Ed McMahon passed away today and while most people remember him as Johnny Carson's loyal sidekick on "The Tonight Show," I remember him as my mail friend.
Over the years Mr. McMahon became a paid spokesman for many products and companies, including Budweiser beer, Alpo dog food, Chris-Craft boats, Texas Instruments, Breck shampoo, Sara Lee baked goods and Mercedes-Benz. His name and photograph were fixtures on the form letters mailed by American Family Publishers announcing sweepstakes winners. [Link]
Here's a column I wrote in 1998 about my friend, Ed:
ED MCMAHON WILL MAKE ME RICH
I like getting mail. When I stick my hand in the mailbox, I don't like to grab air. Air makes me feel like nobody loves me.
About once a week, I grab air. I'd do it more often if it weren't for my buddy, Ed McMahon. Ed loves me more than my family does. They're too busy to write to me.
Not Ed. He writes nice, personal letters to me. He's a celebrity, but he doesn't mind communicating with regular folks like me.
Ed wants me to get rich someday. He has higher expectations for me than my mother. And he's never met me.
When Ed makes me rich, my friends will be jealous. They won't know what to say. They might want to meet Ed, but I won't introduce them. He might start writing to them and forget about me.
No, Ed and I are going to remain a team. Like him and Johnny. I don't want him to write to anyone else in America, not even his little brother, Jim McMahon.
If it weren't for Ed, I'd have no hopes of being filthy rich, just filthy. I've been working all these years and all I've managed to save is some dust. Even that doesn't amount to much.
My job pays OK, but somehow the money disappears. Poof! It's my monthly magic trick.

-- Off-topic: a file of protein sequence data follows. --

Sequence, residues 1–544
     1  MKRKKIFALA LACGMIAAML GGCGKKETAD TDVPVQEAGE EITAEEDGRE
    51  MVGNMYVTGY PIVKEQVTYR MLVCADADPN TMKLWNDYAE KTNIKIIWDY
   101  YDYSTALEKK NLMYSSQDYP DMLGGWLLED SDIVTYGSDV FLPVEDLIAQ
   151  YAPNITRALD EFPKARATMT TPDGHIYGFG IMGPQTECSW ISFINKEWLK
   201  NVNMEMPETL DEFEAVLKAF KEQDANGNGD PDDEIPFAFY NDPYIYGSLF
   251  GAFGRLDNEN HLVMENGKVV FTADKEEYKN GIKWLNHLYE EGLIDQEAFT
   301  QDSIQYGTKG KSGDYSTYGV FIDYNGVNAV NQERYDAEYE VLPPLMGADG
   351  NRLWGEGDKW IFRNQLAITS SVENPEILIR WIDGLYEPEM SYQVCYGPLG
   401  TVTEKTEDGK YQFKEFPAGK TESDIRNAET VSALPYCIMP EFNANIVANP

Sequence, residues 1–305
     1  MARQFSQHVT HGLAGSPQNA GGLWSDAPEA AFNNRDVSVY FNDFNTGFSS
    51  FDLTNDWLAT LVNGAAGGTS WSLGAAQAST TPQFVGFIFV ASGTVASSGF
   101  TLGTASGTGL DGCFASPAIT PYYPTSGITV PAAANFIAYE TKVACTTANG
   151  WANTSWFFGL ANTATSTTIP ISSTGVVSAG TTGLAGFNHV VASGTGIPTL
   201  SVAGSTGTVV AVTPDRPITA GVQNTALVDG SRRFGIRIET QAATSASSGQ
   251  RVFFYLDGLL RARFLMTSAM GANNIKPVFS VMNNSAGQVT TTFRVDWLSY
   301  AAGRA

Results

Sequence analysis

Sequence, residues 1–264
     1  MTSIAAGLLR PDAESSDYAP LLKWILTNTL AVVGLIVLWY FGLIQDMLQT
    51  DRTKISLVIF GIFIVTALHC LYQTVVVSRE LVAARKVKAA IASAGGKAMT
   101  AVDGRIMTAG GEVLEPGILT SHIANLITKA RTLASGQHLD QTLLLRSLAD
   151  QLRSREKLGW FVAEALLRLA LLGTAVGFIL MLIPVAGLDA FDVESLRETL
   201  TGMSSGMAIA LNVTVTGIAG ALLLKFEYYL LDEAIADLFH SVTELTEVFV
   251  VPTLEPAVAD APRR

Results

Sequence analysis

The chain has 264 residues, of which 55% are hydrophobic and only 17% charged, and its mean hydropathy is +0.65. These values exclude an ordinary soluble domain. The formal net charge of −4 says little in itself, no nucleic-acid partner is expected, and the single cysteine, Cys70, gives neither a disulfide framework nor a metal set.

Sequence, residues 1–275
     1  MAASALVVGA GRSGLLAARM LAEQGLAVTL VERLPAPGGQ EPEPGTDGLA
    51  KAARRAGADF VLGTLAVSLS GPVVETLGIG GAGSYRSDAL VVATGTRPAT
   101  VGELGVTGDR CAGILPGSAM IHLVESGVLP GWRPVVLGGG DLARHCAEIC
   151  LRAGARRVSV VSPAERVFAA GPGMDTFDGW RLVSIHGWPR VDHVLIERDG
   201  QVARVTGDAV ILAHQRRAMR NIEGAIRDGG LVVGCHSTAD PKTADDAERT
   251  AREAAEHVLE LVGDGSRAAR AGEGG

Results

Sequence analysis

I blame the other mail I get: the bills. They fill my mailbox and empty my bank account. I pay all kind of bills: credit cards, electricity, rent, telephone, car, cable, insurance … It's a wonder no one bills me for breathing.
I won't be surprised if, one of these days, I get an air bill. Breathing fresh air could become a luxury. I'd even have to pay to grab the air in my mailbox.
If that happens, I'd have to borrow some money. My paycheck can't be stretched that far. That won't be a major problem though. I'd borrow the money from my best friend, Ed.
I know he'd lend it to me. He's been writing to me so many years, I know he cares about me. He isn't one of those celebrities who say anything to make a quick buck. You know the kind I'm talking about. They stand behind any product they're not allergic to. One day, they're touting Pepsodent; the next day, Polident.
Not Ed. He's as sincere as that smile on the photo he sends me. He doesn't smile like that for just anyone.
Ed was the most sincere person on The Tonight Show. When Johnny Carson cracked a joke, Ed never held back a laugh. He didn't care that Johnny was the star and he was just a big laugh machine.
Ed's ego is like my bank account.
Ed is the only person I've never met who spells my last name right every time. He's a little proud of that, I think, because he keeps repeating my name throughout his letter.
"Melvin Durai, you're a few steps away from becoming a millionaire," Ed writes. I like to hear this. Before Ed started writing, I thought I was a few steps away from becoming a bum.
Ed knows how to boost my spirits and keep me hunting for the American dream. Even as I write checks for a pile of bills, I gain inspiration from Ed's letter. I imagine my name on a large check. One that doesn't bounce.
The check would be big enough for me to buy some of the companies that keep sending me bills. Or better yet, I'd buy one of their creditors and demand payment immediately.
I can't wait for that day. Come on, Ed. Tell me more.